Common Bookkeeping Mistakes You’re Probably Making Today

bookkeeping and accounting

There’s no arguing about it – No one is perfect. Even big corporations make accounting mistakes all the time. But with the emergence of new and improved technologies, certain accounting and bookkeeping mistakes ought to have significantly reduced, if not eliminated.

Today, we take a dive into three such bookkeeping and accounting mistakes that often occur in small businesses. While these mistakes are common with small-scale businesses, you’re also likely to find them in large corporations.

So, whether you’re running a small or large business – this is certainly for you. That said, let’s jump right in!

Omissions or Misstatements

If you handle a lot of clients, one or two transactions are likely to slip through the cracks every once in a while. You can misspell a customer name, fail to bill all invoice items, or forget to include valid contact information.
All these errors of omission and misstatement build up to a crisis if they go unaddressed for a while.

Think of your business information as vital parts of a vehicle; if today you’re missing a jack, tomorrow a seat belt, and the next week headlights, you’re bound to get into some serious trouble with the traffic officers or you could endanger your life and those of other road users.

If you don’t countercheck your data to make sure that you don’t forget, misstate or omit any information that is important to your sales, accounting or customer support teams, you’re likely to miss out on opportunities or at the very worst, fail in business.

As a business owner, you want to make sure that your books of accounts and the general business information contain all the data that is important to you, your customers, suppliers, employees or any other stakeholders. No matter the mistake, take it upon yourself to make it good before they ultimately get out of hand.

Lack of Documentation Procedures

This is common with businesses that have started to experience unexpected growth. If last year you were used to a turnover of less than $100k, you’d definitely be overwhelmed if you didn’t plan for $400k in revenue.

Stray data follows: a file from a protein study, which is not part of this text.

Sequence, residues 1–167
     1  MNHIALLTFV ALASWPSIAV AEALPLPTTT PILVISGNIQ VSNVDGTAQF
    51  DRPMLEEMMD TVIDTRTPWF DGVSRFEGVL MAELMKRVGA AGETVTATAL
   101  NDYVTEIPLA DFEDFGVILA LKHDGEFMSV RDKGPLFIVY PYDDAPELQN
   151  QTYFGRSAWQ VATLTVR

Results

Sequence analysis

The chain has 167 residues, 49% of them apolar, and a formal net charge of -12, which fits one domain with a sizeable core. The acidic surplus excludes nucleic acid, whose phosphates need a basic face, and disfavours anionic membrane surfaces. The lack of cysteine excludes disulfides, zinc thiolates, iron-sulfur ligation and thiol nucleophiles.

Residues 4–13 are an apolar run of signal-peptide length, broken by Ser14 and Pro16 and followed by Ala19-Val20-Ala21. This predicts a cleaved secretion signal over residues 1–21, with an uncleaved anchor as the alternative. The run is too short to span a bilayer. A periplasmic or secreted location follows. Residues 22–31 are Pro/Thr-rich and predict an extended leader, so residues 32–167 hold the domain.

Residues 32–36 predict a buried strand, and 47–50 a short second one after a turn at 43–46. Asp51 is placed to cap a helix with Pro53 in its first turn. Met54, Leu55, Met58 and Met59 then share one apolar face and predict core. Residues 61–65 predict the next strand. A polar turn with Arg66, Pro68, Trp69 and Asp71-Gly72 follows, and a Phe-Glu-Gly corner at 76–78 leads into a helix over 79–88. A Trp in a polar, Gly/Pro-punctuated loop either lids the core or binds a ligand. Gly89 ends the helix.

When that happens, procedures start being overlooked…

Delivery notes are misplaced, invoices are not filed properly, reconciliations start to occur late and before you know it, the whole business is in a mess!

Listen – establishing a clear set of procedures and controls is one of the surest ways of maintaining sanity in your business. Whether profits are being realized or not, make sure that your team complies with the set processes.

If a purchase order needs to be approved by three centers of authorities before a purchase is made, do just that; unless there is a genuine cause for not following a procedure such as the absence of the person in charge, you shouldn’t compromise on your way of doing business just because things seem to be moving fast.

Should there be a need, consider adjusting the affected processes to suit the changing business dynamics such as growth, efficiency and so on.

Not Seeking Professional Help

Let’s face it – even accountants who start their own businesses employ accountants and bookkeepers, right? Know why? Because you can’t possibly do it all on your own.

And since we’re here, you also need to understand that it might be expensive to seek help at later stages of a problem. In other words, try to fix issues at an early stage or involve an expert before things totally get out of hand.

Accountants and bookkeepers will charge you a tidy sum depending on the number of hours they’ll spend doing your work. Today, an average bookkeeper will charge you $150/hr.; take that and multiply by a month’s worth of work and you’ll certainly be shaking your bank account dry.

Consider engaging a qualified bookkeeper or accountant as soon as you realize things are not right or better yet, even before things start to go south; this way, you’ll save yourself the interruption time as well as consultancy money.

What other common bookkeeping mistakes have you encountered as a small business?